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  Fame Learning To Fly
Year: 1980
Director: Alan Parker
Stars: Eddie Barth, Irene Cara, Lee Curreri, Laura Dean, Antonia Franceschi, Boyd Gaines, Albert Hague, Tresa Hughes, Steve Inwood, Paul McCrane, Anne Meara, Joanna Merlin, Barry Miller, Jim Moody, Gene Anthony Ray, Maureen Teefy, Debbie Allen, Richard Belzer
Genre: Drama, MusicBuy from Amazon
Rating:  7 (from 2 votes)
Review: Here we follow a group of students from the New York School of Performing Arts from auditions to graduation four years later. Not all of those who audition are admitted, and with some you wonder why they bothered turning up at all, as the categories of dance, drama or music don't seem to suit any of them, but there are plenty who do get through those early stages. They include mother-dominated Doris (Maureen Teefy), who in spite of her nerves manages to show promise, streetwise Leroy (Gene Anthony Ray) who arrives as a dance partner and ends up with a place, Bruno (Lee Curreri) a keyboard whizz who thinks that synthesisers are the future, and many more...

When the phenomenon of Fame is mentioned these days, most people will recall the television series, but before the remake and before the hugely popular small screen version, there was a fair sized hit in the original to contend with. With an ensemble cast pretty much all of whom did not go on to worldwide celebrity, the focus of the story flits around from one character to the next, they cross paths, and end up for the grand finale where they manage to show us all their hard work ain't been in vain for nuthin'. Not one of them really stands out amidst all this noise of performance, but they collectively make an impression nevertheless.

Only four of this cast went on to appear in the television series, and if you watched that you will recognise them: Bruno, sadly not doing his Shorofsky song, and Mr Shorofsky himself (Albert Hague), an actual teacher who was cast for authenticity, Leroy, the hugely talented dancer here providing the film with its spark of rebellion, and Debbie Allen's dance instructor Lydia who gets a big scene at the start, then practically disappears, though she was later rewarded with the "You got big dreams? You want fame? Well, fame costs, and right here's where you start paying, in sweat!" intro at the start of every episode. As for the others, you'll know some of their faces even if the names don't spring to mind.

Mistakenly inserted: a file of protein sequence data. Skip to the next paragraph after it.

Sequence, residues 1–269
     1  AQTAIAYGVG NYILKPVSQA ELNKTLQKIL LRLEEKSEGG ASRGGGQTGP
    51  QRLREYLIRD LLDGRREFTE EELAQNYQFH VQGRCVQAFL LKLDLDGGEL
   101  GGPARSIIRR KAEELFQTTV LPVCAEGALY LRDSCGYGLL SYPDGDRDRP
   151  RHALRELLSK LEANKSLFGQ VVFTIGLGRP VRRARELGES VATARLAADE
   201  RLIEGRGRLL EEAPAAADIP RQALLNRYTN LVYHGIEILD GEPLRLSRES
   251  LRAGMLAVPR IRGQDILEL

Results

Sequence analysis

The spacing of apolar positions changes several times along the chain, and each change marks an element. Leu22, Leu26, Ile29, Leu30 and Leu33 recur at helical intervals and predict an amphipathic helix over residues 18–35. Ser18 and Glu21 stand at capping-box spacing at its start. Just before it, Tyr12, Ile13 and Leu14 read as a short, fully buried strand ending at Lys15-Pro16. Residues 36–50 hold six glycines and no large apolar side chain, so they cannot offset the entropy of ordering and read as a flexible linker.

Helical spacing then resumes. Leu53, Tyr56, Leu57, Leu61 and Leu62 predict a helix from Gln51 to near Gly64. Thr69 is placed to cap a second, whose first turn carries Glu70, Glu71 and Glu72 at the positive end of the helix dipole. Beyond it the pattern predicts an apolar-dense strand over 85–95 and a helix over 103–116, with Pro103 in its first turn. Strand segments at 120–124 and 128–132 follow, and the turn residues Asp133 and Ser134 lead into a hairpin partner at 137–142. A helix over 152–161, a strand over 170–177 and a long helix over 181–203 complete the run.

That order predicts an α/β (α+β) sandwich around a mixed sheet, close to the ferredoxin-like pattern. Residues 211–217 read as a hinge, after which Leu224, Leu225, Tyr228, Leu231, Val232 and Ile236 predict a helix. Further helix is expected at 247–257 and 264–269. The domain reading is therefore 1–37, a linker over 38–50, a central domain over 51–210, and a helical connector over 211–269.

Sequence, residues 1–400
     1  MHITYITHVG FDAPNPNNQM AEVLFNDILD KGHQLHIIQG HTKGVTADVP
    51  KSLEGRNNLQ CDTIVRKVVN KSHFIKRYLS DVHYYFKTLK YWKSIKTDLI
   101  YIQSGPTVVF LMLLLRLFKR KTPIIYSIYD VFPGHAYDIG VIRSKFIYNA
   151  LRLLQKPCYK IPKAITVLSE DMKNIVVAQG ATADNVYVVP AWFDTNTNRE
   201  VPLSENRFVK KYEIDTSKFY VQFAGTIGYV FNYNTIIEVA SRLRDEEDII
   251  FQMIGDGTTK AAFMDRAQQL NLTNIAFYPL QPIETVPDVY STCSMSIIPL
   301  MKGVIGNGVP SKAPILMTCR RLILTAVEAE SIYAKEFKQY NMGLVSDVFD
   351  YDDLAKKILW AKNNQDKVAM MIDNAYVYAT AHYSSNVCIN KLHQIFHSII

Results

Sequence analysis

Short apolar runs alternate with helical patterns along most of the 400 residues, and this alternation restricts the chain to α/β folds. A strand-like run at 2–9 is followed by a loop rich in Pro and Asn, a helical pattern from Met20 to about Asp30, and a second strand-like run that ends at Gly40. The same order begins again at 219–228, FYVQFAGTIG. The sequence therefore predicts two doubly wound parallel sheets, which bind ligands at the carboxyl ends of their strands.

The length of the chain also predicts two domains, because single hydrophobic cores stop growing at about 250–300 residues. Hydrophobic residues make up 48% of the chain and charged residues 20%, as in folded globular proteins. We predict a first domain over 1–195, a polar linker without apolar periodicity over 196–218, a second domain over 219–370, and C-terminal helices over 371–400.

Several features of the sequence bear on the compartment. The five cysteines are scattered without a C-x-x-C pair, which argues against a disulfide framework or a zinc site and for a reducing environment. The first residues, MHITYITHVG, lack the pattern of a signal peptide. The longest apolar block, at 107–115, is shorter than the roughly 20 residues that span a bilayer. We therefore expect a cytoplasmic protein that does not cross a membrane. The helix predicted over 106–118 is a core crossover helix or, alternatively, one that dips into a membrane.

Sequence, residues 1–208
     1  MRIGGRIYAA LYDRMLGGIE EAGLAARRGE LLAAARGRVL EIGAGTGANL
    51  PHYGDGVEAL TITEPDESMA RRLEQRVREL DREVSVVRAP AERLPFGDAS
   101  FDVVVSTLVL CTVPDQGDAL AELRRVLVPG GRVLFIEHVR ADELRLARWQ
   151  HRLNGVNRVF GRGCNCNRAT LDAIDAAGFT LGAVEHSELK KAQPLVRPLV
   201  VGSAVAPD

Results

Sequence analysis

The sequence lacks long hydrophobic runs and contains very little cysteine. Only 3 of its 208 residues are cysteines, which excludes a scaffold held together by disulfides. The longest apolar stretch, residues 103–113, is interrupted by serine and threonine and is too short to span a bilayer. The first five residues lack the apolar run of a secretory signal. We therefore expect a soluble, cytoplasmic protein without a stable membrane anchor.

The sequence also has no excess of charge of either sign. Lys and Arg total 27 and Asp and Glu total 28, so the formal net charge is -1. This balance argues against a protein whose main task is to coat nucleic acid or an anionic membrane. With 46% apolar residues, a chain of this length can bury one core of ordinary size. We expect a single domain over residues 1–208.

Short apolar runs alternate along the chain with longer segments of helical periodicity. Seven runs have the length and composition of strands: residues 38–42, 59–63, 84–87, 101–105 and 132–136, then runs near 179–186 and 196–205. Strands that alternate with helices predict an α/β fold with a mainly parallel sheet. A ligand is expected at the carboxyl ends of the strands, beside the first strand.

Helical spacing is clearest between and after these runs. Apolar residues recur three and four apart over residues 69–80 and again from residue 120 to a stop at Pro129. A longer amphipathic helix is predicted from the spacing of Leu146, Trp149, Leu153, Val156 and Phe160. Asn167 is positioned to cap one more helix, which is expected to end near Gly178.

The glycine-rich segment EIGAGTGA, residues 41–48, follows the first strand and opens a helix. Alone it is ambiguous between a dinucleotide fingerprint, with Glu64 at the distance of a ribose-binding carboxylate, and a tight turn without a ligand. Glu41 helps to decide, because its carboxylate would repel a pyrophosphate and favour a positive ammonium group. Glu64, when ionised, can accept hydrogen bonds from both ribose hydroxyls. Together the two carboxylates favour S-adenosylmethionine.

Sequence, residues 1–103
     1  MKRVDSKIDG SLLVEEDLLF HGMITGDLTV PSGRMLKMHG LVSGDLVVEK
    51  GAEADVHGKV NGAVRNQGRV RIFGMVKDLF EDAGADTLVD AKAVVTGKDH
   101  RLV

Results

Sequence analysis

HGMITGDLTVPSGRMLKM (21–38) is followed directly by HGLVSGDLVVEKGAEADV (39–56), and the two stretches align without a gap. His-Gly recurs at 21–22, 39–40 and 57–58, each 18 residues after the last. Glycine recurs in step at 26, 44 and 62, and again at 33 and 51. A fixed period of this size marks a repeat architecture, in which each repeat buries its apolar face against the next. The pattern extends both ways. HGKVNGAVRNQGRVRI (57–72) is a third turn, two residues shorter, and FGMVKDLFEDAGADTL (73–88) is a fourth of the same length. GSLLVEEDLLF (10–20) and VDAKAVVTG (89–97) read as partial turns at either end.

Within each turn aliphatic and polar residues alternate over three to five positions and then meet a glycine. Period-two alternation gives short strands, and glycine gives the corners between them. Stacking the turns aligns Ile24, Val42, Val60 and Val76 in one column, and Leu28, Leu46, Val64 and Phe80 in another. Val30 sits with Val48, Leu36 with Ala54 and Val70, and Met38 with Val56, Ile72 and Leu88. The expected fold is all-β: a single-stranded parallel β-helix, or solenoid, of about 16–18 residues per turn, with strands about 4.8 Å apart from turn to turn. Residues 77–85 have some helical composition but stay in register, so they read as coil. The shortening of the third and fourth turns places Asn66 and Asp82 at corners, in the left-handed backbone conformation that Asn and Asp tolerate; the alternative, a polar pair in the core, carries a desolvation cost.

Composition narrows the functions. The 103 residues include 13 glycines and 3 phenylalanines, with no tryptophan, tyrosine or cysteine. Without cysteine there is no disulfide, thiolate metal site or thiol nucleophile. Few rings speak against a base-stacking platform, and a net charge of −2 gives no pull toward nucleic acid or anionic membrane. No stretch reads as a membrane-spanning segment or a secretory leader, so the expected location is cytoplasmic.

The point here is that all these young people are finding their individuality through their own self expression, so we see them becoming their own person in their distinctive ways. There's a sequence late on where Doris and new boyfriend, the wiseacre Ralph (Barry Miller) attend a showing of The Rocky Horror Picture Show which illustrates director Alan Parker's apparent ethos that everyone at that age wants to perform in some way, whether it's going out on a Saturday night and dancing the Time Warp or actually making a career of it. He is evidently impressed by the "anyone can join" accessibility across race, class and personality that this school represents, and takes every opportunity to highlight this through Christopher Gore's script.

The music was important too, as the composers rustled up an Oscar-winning tune with the title track, as sung by the Coco character (Irene Cara), which is seared into a few million memories and gave rise to the much-parodied scene where the students rush out into the street to dance to it. But in spite of all those numbers, this is not really a musical as they are no more concentrated on than those bits with the drama. All of human life is here is what we're being told, and what could have been all over the place makes up for its surface chaos by holding it all together with a benevolent view of its characters and a sense of wanting them to succeed, quite often in spite of themselves and whatever flaws in their makeup may try to sabotage their dreams. Of course, we never do find out if the students do fulfil these promises, but if they can come across as over earnest, a grounding in reality renders this believable without entirely eradicating the showbiz tone. Music by Michael Gore.
Reviewer: Graeme Clark


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Alan Parker  (1944 - )

Stylish British director, from advertising, with quite a few musicals to his credit: Bugsy Malone, Fame, Pink Floyd The Wall, The Commitments (possibly his best film) and Evita. Elsewhere he has opted for serious-minded works like Midnight Express, Shoot the Moon, Birdy, Angel Heart, Mississippi Burning and The Life of David Gale. The Road to Wellville was a strange attempt at outright comedy.

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